Rageh Omaar became well known as the BBC’s correspondent in Baghdad during the invasion of Iraq in 2003. He is the presenter of the BBC’s The Miracles of Jesus series, which screened on BBC One on 6th, 13th and 20th August 2006.
“I grew up as a Muslim, but I always knew who Jesus was, not least because in Islam, Jesus is considered to be one of God’s prophets. But my image of Jesus was that of a serene holy man – humble, wise and a model of love and goodness – an image in which his miracles stand out as supreme acts of kindness to the poor and the sick.
But when I went to the Holy Land, I realised how easy it is to see Jesus through western eyes and detach him from his true environment and where he came from – the Middle East.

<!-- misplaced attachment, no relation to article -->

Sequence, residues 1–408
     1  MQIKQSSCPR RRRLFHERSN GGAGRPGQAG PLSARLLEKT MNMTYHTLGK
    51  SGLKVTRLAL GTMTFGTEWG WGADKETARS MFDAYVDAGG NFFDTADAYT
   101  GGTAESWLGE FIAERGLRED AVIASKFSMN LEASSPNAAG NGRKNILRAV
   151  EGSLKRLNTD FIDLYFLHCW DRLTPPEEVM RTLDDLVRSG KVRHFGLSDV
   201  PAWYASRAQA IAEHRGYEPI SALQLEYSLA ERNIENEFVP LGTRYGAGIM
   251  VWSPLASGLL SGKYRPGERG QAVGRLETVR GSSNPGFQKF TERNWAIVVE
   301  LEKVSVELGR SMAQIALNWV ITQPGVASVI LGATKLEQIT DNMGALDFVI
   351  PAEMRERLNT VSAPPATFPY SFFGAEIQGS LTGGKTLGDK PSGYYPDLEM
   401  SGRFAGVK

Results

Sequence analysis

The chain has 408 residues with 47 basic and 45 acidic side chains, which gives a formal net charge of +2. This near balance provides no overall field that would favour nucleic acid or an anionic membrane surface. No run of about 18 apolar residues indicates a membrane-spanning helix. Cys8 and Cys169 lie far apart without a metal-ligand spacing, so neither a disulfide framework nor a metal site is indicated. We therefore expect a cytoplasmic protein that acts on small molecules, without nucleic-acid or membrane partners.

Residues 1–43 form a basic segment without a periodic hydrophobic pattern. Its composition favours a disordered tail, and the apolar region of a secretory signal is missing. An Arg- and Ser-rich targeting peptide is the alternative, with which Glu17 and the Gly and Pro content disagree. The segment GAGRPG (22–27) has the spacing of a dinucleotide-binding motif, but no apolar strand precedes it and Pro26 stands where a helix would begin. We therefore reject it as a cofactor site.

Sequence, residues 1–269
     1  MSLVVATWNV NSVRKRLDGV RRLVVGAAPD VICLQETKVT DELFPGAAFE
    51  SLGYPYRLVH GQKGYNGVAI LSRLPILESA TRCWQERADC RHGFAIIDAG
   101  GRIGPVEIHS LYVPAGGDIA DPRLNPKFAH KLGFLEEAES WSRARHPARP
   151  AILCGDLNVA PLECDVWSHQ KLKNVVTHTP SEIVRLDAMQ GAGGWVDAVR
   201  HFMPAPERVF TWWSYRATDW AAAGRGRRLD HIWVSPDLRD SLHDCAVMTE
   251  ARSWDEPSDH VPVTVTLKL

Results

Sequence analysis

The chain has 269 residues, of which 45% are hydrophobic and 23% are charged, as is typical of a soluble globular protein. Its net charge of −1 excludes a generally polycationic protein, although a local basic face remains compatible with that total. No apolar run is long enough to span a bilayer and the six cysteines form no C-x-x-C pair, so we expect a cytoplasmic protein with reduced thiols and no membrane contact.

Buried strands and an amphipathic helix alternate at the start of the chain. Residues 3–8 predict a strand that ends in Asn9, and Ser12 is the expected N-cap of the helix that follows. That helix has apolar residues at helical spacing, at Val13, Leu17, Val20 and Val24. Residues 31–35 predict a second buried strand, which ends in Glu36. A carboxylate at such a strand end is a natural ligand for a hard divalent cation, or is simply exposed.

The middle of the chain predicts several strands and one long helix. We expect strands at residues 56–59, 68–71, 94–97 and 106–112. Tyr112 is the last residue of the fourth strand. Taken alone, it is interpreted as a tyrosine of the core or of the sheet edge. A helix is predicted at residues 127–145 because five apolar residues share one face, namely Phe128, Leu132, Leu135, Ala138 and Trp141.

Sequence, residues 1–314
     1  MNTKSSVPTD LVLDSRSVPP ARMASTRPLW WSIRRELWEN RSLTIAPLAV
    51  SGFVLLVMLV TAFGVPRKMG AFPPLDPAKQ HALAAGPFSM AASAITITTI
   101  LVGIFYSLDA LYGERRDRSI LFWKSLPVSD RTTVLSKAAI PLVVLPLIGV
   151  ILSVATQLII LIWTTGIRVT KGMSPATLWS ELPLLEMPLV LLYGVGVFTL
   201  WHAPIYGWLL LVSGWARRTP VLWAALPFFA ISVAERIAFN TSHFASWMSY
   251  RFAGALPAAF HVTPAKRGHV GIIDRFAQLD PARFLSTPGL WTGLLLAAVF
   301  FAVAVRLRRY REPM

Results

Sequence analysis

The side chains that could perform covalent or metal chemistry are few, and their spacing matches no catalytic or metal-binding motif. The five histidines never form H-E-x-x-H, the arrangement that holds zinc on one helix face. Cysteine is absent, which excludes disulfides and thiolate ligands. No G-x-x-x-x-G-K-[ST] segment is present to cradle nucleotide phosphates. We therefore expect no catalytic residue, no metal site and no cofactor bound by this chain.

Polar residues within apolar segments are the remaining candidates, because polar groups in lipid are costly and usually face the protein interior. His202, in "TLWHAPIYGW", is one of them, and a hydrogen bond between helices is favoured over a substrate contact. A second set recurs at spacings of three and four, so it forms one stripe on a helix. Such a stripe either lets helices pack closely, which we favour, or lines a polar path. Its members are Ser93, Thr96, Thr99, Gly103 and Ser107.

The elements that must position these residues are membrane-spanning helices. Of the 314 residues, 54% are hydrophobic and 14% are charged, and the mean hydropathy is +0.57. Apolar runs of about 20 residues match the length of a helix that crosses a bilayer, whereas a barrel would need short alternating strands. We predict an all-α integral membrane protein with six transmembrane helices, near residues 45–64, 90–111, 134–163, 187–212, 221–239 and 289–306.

The Middle East made the early Christians men of action. They were political, they were provocative and they were subversive, not least because the Roman occupation at the time was a breeding ground for rebels – like Jesus. But what I discovered in the making of this series is that Jesus’ chief weapon was not the sword, but his miracles. And they proved to be far more revolutionary.”
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In his own time, Jesus was famous as a miracle worker. The miracles shocked those who saw them – not because of the spactacle, but because of the dangerous message they carried about Jesus. In these pages we follow the new BBC series, The Miracles of Jesus, and try to decode three miracles to find out what they were all about.
Images copyright BBC / Religion 2006
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